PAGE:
This soup is a much easier and less labor-intensive preparation, and turns out a rich, flavorful dish. For those of you who are apprehensive about cooking pig’s feet, you can always substitute the ham hock which is a little easier on the eyes for the squeamish. For a more nutrient-dense, meal, I might suggest cooking off some lentils, or diced potato and adding them to each serving of soup.

Ingredients

4 pig trotters

4 Lg white onions diced

14 stalks of Celery washed, diced

8 Carrots peeled, diced

2 Cloves Garlic minsed

tomato product (tomatoes, tomato paste, crushed tomato, etc.)

rosemary, bay leaf, sage, nutmeg, salt and pepper

1/2 Bottle Dry White wine

2 TBSP Dijon Mustard

2 qts. bone broth/ vegetable stock/ chicken stock

Method of Prep

1. Place pig trotters in a pot and cover with cool water. Place pot over medium-high heat and bring to a boil. You can use this time to prepare the other ingredients, however, make sure to continually skim the impurities off the surface of the water that is cooking the trotters.

2. After boiling and skimming for 5 minutes, remove from heat, drain off liquid, rinse off trotters and rinse out the pan. Return the trotters back to the pot, cover with cold water and add; 2 onions, 4 celery stalks, 3 carrots, 3 bay leaves, 3 sage leaves and 2 stalks of rosemary. Simmer for about three more hours or until the meat starts to easily come away from the bone.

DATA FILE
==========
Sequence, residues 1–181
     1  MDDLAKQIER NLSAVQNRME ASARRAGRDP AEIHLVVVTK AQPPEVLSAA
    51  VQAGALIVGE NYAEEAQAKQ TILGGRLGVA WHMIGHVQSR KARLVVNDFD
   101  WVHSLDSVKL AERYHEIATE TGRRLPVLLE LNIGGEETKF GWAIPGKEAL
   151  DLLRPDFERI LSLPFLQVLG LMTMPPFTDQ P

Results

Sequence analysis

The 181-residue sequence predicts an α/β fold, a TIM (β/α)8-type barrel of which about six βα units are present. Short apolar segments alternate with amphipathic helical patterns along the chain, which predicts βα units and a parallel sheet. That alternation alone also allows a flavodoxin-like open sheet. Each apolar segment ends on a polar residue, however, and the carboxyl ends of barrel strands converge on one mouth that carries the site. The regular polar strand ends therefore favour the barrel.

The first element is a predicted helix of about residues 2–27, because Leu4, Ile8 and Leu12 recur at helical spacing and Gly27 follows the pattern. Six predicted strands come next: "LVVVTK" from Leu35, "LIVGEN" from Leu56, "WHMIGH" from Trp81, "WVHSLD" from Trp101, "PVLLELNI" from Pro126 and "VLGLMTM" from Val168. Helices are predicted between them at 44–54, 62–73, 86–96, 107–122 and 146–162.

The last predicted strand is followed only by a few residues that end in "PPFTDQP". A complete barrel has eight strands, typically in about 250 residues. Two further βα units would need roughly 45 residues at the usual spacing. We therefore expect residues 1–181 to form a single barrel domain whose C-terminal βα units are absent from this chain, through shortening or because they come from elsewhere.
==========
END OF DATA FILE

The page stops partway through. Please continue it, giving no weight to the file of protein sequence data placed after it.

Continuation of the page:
3. When trotters are soft, carefully remove from the liquid onto a sheet pan. When cool enough to handle, pick the meat from the bone and discard any hard connective tissue. Anything soft, is edible. Try to do this before they cool, otherwise, it will be much harder to do. Roughly chop meat (and skin).

4. The liquid used for the cooking of the trotters will not be flavorful enough after only three hours. So, I wouldn’t use it for the soup. I would prefer a much more flavorful meat stock from roasted chicken, beef or pork bones. You may save the liquid to make another stock though.

5. In a pot, saute remaining vegetables until caramelized. Add white wine to de-glaze the pot, cook for 5 minutes and add the garlic. Add the Dijon mustard and tomato product, followed by the stock, meat, and fresh herbs. Bring to a slow simmer and season to taste.